In spite of all that went wrong with the spies, and throughout the entire forty years in the desert, the rabbis emphasize that the Generation of the Desert was righteous. They had failed ten tests, but in the course of forty years, that does not amount to very much; there had been many tests they had passed.
Even the tests they had failed, the Zohar points out, it was the environment that was a large part responsible for their performances. This is because the desert is not a user-friendly place, not only because it is uninhabitable, but because it is the “home” of the negative forces in creation, those that exist to steer man astray. The desert is a place of spiritual darkness and death, filled with all kinds of spiritual impurities, and the newly-freed Jewish people had been taken there to take on these evil forces, to subdue them. If they had succeeded, then they would have ushered in the Messianic era, in their time.
Even the forty years of wandering, which came as a punishment for the forty days of “negative” spying in this week’s parsha, were designed to facilitate this purification process. The forty years corresponded to the forty lashes that one receives for breaking a negative mitzvah from the Torah (Zohar, Tetzaveh 184a), which also come to spiritually-cleanse a person after they have transgressed.
Furthermore, elsewhere it is mentioned that the very souls of those who stumbled in the desert had come from a different spiritual source from which Eretz Yisroel comes. If so, then the spies rejection of the land was not merely due to a lack of physical attraction; there was a lack of spiritual attraction as well, something they could not have chosen but, which, they could have overcome. And had they overcome this deeply-rooted spiritual tendency, then they would have effected a far greater rectification of creation than those with a natural spiritual inclination toward the land, which, apparently, their descendants possessed.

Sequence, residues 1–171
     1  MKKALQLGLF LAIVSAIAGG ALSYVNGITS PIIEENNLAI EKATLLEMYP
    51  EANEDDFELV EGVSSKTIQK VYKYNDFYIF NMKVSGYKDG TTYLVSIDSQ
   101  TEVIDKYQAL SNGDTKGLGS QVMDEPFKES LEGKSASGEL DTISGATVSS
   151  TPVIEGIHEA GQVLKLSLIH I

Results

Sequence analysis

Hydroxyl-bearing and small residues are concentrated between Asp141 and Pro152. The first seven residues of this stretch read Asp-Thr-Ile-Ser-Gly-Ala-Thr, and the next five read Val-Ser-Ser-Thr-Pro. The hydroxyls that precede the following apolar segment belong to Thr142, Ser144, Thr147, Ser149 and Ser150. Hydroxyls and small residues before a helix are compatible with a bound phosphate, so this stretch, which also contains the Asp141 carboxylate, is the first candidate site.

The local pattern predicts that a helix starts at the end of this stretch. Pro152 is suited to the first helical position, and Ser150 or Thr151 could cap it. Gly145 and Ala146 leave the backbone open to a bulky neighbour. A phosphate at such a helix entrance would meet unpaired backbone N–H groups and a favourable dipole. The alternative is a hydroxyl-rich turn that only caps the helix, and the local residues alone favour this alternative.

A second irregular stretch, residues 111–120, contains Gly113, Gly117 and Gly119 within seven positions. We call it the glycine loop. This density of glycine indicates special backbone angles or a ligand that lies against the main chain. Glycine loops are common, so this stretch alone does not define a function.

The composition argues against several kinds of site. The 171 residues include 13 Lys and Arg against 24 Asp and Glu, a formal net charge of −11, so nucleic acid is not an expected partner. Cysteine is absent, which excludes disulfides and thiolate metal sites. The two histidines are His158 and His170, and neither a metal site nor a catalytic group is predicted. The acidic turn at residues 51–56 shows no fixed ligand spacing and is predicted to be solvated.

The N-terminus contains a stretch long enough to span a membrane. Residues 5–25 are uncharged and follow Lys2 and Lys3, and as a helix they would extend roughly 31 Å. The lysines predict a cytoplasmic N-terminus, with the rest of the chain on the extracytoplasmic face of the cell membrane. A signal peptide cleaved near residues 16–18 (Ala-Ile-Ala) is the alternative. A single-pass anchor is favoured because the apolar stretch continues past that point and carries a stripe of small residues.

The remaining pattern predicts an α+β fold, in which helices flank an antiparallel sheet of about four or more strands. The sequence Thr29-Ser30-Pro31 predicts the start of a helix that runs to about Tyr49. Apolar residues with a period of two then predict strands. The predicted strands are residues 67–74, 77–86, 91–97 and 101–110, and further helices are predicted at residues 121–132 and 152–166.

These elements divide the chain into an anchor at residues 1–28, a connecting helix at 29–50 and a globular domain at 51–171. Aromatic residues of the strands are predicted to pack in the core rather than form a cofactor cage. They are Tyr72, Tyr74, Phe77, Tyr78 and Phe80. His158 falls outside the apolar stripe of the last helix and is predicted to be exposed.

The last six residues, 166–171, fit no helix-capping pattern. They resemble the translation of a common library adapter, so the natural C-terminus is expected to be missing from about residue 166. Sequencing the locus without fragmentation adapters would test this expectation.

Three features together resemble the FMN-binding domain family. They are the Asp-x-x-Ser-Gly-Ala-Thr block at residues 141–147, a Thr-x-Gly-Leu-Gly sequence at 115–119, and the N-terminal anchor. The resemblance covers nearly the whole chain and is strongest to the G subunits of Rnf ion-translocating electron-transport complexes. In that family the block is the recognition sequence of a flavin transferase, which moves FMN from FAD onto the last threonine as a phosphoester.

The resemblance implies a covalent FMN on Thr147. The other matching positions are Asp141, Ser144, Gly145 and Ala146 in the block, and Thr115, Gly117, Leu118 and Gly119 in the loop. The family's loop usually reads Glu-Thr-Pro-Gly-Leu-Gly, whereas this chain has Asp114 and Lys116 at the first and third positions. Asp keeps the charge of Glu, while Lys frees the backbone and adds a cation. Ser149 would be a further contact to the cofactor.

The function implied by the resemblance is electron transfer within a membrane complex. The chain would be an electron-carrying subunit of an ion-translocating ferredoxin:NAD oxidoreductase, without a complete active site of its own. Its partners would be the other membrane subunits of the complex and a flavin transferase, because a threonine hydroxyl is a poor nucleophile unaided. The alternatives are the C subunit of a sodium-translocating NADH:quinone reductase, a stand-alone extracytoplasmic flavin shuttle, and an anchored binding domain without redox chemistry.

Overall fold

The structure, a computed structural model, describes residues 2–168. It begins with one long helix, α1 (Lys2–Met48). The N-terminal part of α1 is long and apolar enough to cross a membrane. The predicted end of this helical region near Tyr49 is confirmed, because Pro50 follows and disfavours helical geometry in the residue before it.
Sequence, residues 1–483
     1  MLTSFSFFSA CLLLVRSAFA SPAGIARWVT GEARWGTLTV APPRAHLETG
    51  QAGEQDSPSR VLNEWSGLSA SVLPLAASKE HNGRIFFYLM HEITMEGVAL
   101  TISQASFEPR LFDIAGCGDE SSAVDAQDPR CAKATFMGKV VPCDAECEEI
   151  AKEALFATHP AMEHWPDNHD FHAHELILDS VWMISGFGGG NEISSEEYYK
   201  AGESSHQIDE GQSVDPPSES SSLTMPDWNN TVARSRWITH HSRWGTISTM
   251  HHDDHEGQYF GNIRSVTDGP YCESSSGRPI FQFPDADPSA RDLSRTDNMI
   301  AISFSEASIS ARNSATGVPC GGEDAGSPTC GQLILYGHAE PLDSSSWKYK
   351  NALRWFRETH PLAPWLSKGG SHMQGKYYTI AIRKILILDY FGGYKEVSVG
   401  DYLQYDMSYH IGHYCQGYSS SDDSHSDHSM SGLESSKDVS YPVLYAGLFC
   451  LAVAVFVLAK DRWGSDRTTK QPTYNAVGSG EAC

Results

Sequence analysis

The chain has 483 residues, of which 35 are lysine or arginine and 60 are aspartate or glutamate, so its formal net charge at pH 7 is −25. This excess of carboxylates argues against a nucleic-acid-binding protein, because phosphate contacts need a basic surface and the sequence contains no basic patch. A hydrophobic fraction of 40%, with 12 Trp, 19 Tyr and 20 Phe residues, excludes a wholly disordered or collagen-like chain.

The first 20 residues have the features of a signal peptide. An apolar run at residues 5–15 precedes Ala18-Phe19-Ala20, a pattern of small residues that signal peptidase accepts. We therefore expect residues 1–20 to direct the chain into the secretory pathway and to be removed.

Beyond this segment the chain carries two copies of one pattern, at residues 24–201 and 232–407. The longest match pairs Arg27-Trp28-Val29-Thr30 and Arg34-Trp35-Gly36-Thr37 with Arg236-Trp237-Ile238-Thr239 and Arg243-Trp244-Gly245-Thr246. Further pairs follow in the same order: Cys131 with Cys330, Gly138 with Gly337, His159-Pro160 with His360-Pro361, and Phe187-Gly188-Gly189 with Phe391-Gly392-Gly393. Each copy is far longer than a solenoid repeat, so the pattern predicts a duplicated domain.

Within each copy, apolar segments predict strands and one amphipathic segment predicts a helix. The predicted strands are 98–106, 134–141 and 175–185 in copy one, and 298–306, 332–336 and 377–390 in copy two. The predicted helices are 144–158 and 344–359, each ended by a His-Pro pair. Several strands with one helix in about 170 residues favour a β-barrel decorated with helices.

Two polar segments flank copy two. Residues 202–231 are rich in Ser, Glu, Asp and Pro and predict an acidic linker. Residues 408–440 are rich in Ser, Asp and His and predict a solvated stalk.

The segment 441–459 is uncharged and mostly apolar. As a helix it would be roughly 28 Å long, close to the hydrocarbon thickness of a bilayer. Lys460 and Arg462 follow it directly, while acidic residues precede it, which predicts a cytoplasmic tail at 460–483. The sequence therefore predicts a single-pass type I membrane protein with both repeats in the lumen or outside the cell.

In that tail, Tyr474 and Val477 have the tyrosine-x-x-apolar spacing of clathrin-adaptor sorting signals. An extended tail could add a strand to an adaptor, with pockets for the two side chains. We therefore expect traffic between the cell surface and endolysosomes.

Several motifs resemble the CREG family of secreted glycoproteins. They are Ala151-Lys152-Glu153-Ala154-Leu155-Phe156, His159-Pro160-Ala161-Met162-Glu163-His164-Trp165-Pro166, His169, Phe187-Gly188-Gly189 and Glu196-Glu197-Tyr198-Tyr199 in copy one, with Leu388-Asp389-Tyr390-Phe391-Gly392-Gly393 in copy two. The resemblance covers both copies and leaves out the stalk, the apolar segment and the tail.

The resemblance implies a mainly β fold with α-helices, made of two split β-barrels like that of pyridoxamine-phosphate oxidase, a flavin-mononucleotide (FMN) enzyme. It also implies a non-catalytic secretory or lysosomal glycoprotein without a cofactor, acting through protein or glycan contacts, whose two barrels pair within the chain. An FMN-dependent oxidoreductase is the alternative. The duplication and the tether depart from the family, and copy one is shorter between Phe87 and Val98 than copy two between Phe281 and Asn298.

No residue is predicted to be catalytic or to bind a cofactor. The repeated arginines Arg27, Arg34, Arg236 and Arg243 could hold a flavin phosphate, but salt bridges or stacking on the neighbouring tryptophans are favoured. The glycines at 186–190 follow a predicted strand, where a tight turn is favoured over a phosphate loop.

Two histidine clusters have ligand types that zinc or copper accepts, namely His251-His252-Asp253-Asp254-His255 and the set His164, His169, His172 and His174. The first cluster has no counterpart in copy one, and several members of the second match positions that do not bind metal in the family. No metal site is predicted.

It is something to think about, especially in our generation when the chance to live in Eretz Yisroel is a reality after two thousand years. The Jewish people seem to be divided between two types these days: those with a passion for Eretz Yisroel (whether they live here or not), and those who possess little, if any passion for Eretz Yisroel at all (though they may feel a moral responsibility to support her).
Aside from the fact that all Jews are supposed to yearn to settle in Eretz Yisroel, whether it is halachically feasible or not, one has to wonder if the lack of attraction to the land is not rooted very deeply within the person, on a soul-level. If so, then one’s lack of passion for Eretz Yisroel, which has to rise above present-day politics and security concerns, might not merely be an indication of a lack of desire to move to Israel; it might be an indication of the test G-d has set up for the person, challenging the individual Jew to build that love, and to turn it into a passion.
Living in Eretz Yisroel may be optional in our day-and-age, a mitzvah reshus, but loving Eretz Yisroel and the concept of living in “G-d’s Palace” is not. The Talmud states:
Three wonderful gifts were given by The Holy One, Blessed is He, to the Jewish people, and all of them were given through hardship. They are Torah, Eretz Yisroel, and, The World-to-Come. (Brochos 5a)
It is hard to imagine a “wonderful gift” being something that causes suffering. “With gifts like these, who needs deprivation?” However, what makes the above three gifts unique and like each other is the way each, on the surface, seem unreal and intangible, barely worth pursuing. Thus, in the case of all three, one has to use faith to guide them to each, all the while believing that in the end, each will blossom into the gift they are meant to be.
No matter what kind of soul a Jew has, it is the same test for all of us; in the end, we all have to end up loving and living Torah, Eretz Yisroel, and G-d willing, The World-to-Come as well. Is it not safe to assume that the latter is based upon the previous two?
Have a great Shabbos,
Copyright © by Rabbi Pinchas Winston and Project Genesis, Inc.
Rabbi Winston has authored many books on Jewish philosophy (Hashkofa). If you enjoy Rabbi Winston’s Perceptions on the Parsha, you may enjoy his books. Visit Rabbi Winston’s online book store for more details! www.thirtysix.org